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New 988 hotline draws criticism that it could lead to a police response, but advocates say it’s misguided

Fewer than 2% of calls lead to a 911 referral, and fewer than half of those are done without the caller’s consent, the hotline’s executive director said.
Isabelle Row, a crisis line specialist, at The Harris Center for Mental Health and IDD, in Houston, Texas, on March 7, 2022. (Brandon Thibodeaux/The New York Times)
Isabelle Row, a crisis line specialist, at The Harris Center for Mental Health and IDD in Houston on March 7, 2022. The National Suicide Prevention Lifeline is answered by a patchwork national network of more than 180 call centers. Brandon Thibodeaux / The New York Times / Redux

The 988 Suicide & Crisis Lifeline number, a new national mental health hotline, has been criticized on social media since its launch earlier this month as being too closely tied to the 911 system it’s supposed to be an alternative to, with some mental health activists discouraging people from calling it.

In viral posts that have received hundreds of thousands of impressions in the past two weeks, critics on Twitter and Instagram have said that calling 988 — which replaced the National Suicide Hotline — could lead to intervention by authorities, nonconsensual treatments and become an invasion of privacy.

However, mental health advocates and government officials say that much of the skepticism is caused by misinformation. The line, for instance, can't track a caller's exact location. And only a small proportion of calls end up being referred to law enforcement.

John Draper, the executive director of the 988 hotline, called the criticism “an artifact of many, many years of earned suspicion” for mistreating public health crises as public safety ones. “That’s really what 988 was designed to shift,” he said.

The hope is that the new three-digit Lifeline number will be easier to remember in times of crisis than the 10-digit National Suicide Prevention Lifeline and that it will provide a response from qualified mental health professionals, rather than the law enforcement or emergency services response of 911 calls.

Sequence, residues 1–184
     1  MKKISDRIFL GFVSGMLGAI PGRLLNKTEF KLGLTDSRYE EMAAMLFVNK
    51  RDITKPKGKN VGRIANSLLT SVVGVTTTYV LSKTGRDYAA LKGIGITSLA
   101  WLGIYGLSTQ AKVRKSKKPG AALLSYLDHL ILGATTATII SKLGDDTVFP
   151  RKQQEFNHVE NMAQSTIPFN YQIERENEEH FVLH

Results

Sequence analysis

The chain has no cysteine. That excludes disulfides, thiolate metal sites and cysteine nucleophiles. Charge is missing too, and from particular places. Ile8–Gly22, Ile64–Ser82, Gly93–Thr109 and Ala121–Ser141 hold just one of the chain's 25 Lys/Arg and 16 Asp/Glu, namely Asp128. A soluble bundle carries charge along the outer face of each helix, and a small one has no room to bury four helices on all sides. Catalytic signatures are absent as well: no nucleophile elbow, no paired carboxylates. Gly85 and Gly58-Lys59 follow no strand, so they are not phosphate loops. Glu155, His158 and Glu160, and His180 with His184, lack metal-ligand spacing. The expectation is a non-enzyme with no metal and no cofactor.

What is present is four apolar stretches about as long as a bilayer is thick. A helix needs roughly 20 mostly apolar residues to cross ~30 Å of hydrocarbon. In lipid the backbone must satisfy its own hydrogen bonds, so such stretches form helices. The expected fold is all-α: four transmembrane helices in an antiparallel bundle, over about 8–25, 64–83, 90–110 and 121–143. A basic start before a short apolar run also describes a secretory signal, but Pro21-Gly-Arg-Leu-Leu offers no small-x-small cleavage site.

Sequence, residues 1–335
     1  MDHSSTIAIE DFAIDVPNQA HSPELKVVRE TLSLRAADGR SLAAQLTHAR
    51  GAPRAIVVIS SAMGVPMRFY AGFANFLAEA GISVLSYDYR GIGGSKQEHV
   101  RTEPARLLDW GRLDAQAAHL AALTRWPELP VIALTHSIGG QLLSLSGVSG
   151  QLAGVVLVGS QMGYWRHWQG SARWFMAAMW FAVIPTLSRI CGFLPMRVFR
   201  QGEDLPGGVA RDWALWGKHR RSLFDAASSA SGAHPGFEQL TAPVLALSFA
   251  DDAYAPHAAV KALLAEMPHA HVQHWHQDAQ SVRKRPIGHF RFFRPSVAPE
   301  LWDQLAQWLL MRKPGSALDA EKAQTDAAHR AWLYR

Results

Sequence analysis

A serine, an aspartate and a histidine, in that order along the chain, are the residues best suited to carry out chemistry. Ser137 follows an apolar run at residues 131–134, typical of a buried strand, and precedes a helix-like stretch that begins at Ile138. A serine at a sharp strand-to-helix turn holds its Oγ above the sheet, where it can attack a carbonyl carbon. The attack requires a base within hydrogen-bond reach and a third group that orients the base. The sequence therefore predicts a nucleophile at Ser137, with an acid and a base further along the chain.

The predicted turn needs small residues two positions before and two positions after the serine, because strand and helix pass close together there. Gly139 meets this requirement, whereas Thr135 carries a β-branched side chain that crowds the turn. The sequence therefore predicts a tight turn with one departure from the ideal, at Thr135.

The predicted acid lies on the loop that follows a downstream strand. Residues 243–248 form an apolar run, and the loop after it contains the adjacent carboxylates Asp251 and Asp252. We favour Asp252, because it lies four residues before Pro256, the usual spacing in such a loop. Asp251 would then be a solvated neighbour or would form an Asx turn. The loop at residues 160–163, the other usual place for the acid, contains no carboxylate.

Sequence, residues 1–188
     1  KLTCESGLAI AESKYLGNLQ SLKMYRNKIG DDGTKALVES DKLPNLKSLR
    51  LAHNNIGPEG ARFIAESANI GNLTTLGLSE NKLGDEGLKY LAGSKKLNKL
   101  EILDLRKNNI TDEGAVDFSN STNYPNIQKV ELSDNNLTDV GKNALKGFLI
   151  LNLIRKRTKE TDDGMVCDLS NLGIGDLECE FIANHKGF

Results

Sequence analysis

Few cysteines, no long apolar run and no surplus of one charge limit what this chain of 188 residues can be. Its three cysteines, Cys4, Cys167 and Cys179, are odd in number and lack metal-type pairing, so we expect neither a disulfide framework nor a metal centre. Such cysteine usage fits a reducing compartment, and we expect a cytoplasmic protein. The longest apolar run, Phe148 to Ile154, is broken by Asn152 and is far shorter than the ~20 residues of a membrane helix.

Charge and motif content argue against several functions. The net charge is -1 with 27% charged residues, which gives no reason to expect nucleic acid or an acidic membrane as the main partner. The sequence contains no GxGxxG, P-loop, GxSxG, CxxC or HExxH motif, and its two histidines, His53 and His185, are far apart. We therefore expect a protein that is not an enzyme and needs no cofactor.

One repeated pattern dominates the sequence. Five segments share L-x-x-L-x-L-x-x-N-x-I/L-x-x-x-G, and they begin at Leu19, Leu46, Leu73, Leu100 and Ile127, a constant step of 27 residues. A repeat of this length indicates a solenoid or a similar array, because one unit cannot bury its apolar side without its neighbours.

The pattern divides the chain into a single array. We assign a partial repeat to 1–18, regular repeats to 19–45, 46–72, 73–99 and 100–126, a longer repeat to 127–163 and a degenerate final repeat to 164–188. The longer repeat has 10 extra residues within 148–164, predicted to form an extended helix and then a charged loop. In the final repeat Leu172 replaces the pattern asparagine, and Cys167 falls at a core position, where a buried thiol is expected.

Fewer than 2% of calls to Lifeline lead to a 911 referral from the person who receives the call and fewer than half of the referrals to emergency services are done without the caller’s consent, said Draper and officials at the Department of Health and Human Services’ Substance Abuse and Mental Health Services Administration, or SAMHSA. That calculation includes calls to 988 and the 1-800 number. As of now, its system is unable to distinguish between the two.

“There are some cases, about 2% of the time, where the person is at such high risk by the end of the call, that we believe there’s a possibility, even a probability, that they’re going to die if we don’t do anything,” Draper said. “Typically it’s because the person says, ‘Yes, please call 911’ or ‘Help me call 911 because I’m going to die.’”

Up to 80% of calls, chats or texts are resolved through the initial contact, a SAMHSA official said. The others typically receive assistance from mobile crisis services — mental health units designed to meet with people and de-escalate a crisis — and other local assistance. 

Misty Vaughn Allen, whose tenure as Nevada’s suicide prevention coordinator has been celebrated nationally for bringing down the suicide rate in her state, said that she continues to work with law enforcement on crisis intervention and suicide prevention training and response, but emphasized that “the whole point of 988 is to pull away from 911.”

“I haven’t called first response in years because I believe listening and keeping people out of an emergency department is the best response, especially if we can help them find that support system and safety plan,” she said.